Tag Archives: Jersey Shore

Spirits (Having Flown)

What I Had Before I Had You: A Novel by Sarah Cornwell (Harper, $24.95, 275 pages)

What I Had Before

This is a novel that seemed to promise a good story. Unfortunately, the story was lost in the execution. The book involves two plot lines, the first about a young woman – Olivia Reed – who loses her nine-year-old bipolar son at Funtown Pier on the Jersey Shore. The second plot line involves her coming into contact – years earlier, with the supposed ghosts of her twin sisters that died at birth. This latter plot line caught my attention as I hoped it would offer some of the unique enjoyment found in Her Fearful Symmetry by Audrey Niffenegger.

The two disjointed stories, regrettably, come together to no apparent purpose. One reason is that Cornwell sacrifices the two plot lines for a third – the story of Olivia’s psychic and mentally troubled mother, Myla. This means that the narrative jumps awkwardly and often incoherently between present and past times. As greatly disappointing as this is, the reader learns early on that this is no ghost story. The supposed twin ghosts are in fact living young women (how it is that Olivia believed they were the spirits of her dead sisters is never made clear).

Cornwell may have potential as an author but in this debut novel she mixes bad and good writing. Her prose is often leaden as in this example:

The dorm is a high-rise with a view of the Hudson River. In the elevator, older boys look me up and down. I think I’d better be wild tonight: I could use a thrill to get out of my head after all the illuminations of the week. I study Cortney’s warped reflection in the elevator’s chrome wall and see not the flesh-and-blood girl I know she is, but the ghost staring back at me, and this gives me a little push, a little reignition. When the elevator stops and she gets out, we are mortal again, and I feel the loss and need a drink.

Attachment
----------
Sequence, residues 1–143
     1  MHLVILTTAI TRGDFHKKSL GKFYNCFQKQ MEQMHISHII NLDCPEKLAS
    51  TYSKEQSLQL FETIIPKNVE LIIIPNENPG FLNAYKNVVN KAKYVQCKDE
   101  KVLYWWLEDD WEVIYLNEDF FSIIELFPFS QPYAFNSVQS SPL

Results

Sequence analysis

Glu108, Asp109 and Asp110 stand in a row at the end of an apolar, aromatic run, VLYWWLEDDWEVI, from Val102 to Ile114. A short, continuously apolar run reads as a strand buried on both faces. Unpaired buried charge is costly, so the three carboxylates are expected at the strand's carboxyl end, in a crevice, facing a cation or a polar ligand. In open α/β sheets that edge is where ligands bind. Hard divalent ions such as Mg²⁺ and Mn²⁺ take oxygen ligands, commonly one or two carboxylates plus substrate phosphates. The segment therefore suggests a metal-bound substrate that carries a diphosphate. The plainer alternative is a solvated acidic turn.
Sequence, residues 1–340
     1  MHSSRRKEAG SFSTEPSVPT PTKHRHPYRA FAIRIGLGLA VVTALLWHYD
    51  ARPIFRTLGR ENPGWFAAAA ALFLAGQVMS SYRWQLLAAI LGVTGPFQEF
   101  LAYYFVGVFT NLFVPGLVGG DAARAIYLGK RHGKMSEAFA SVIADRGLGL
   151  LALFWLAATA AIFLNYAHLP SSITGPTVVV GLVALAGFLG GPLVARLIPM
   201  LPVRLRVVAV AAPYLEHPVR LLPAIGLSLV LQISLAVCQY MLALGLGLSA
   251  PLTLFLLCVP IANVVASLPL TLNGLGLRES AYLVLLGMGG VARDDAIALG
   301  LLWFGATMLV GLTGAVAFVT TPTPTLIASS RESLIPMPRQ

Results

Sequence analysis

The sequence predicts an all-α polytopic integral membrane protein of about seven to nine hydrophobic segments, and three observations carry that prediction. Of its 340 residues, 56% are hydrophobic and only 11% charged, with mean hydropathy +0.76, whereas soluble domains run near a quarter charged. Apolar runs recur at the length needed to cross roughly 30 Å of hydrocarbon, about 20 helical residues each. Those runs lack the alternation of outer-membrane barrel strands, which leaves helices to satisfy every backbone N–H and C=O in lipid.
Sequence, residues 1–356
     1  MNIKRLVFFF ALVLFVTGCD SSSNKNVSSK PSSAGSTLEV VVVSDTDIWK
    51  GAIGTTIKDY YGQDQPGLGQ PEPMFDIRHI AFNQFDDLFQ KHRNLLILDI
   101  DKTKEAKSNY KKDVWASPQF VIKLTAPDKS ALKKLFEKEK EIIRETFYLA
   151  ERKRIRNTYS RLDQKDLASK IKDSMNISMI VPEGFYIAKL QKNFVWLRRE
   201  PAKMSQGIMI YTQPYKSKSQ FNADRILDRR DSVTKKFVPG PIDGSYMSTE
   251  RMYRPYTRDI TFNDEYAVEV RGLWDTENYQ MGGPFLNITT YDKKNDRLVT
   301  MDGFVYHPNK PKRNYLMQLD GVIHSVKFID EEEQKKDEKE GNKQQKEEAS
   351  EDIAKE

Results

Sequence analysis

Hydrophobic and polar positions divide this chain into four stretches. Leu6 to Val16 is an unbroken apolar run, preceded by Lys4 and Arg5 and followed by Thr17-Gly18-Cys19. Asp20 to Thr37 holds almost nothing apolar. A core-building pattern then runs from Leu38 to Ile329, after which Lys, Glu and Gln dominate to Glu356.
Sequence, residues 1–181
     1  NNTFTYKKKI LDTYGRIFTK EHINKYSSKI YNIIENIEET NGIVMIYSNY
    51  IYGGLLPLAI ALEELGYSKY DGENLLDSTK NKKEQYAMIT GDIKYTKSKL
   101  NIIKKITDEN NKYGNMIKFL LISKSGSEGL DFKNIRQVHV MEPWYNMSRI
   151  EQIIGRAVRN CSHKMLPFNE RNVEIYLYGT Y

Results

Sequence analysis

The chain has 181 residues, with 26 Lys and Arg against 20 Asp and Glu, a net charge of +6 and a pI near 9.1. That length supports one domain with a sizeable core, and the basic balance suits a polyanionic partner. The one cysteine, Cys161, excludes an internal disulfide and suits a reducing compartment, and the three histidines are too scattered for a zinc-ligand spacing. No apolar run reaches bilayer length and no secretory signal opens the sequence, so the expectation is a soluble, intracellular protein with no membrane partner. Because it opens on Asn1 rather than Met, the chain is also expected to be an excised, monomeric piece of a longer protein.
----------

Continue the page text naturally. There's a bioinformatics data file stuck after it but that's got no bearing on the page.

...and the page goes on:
And sometimes she writes well as in these two examples:

They are seeing my mother move through the house, while I am seeing the house move through my mother. There is a sense of brokenness and insufficiency and then a sense of crushing loneliness. My mother turns around to look me in the eye and smiles a grim smile. She knows I am receiving her.

I make female friends rarely, but when I do, I find myself acting slightly different: bubblier or quieter or more intellectual, or less. These small calibrations wear me out; I am exhausted after spending time with women.

(Note that Cornwell uses dated words for a story set in modern times – illuminations, calibrations.)

What I Had Before I Had You may appeal to those who harbor intense, lifelong anger at a parent. These readers may identify in some way with the horribly dysfunctional relationship between Olivia and Myla. Yet I suspect that most will fail to connect with this strange, highly troubling tale.

About half way through the reading of this rather short novel, some readers will have figured out a logical conclusion; however, this would rest upon Myla’s being alive. No spoiler alert is needed, but Cornwell figures out a way to get to that conclusion despite the fact that Olivia’s mother is dead. It’s like watching someone pound a square peg into a round hole, and it is not satisfying.

Joseph Arellano

A review copy was provided by the publisher.

This book was released on January 7, 2014.

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Waitin’ On A Sunny Day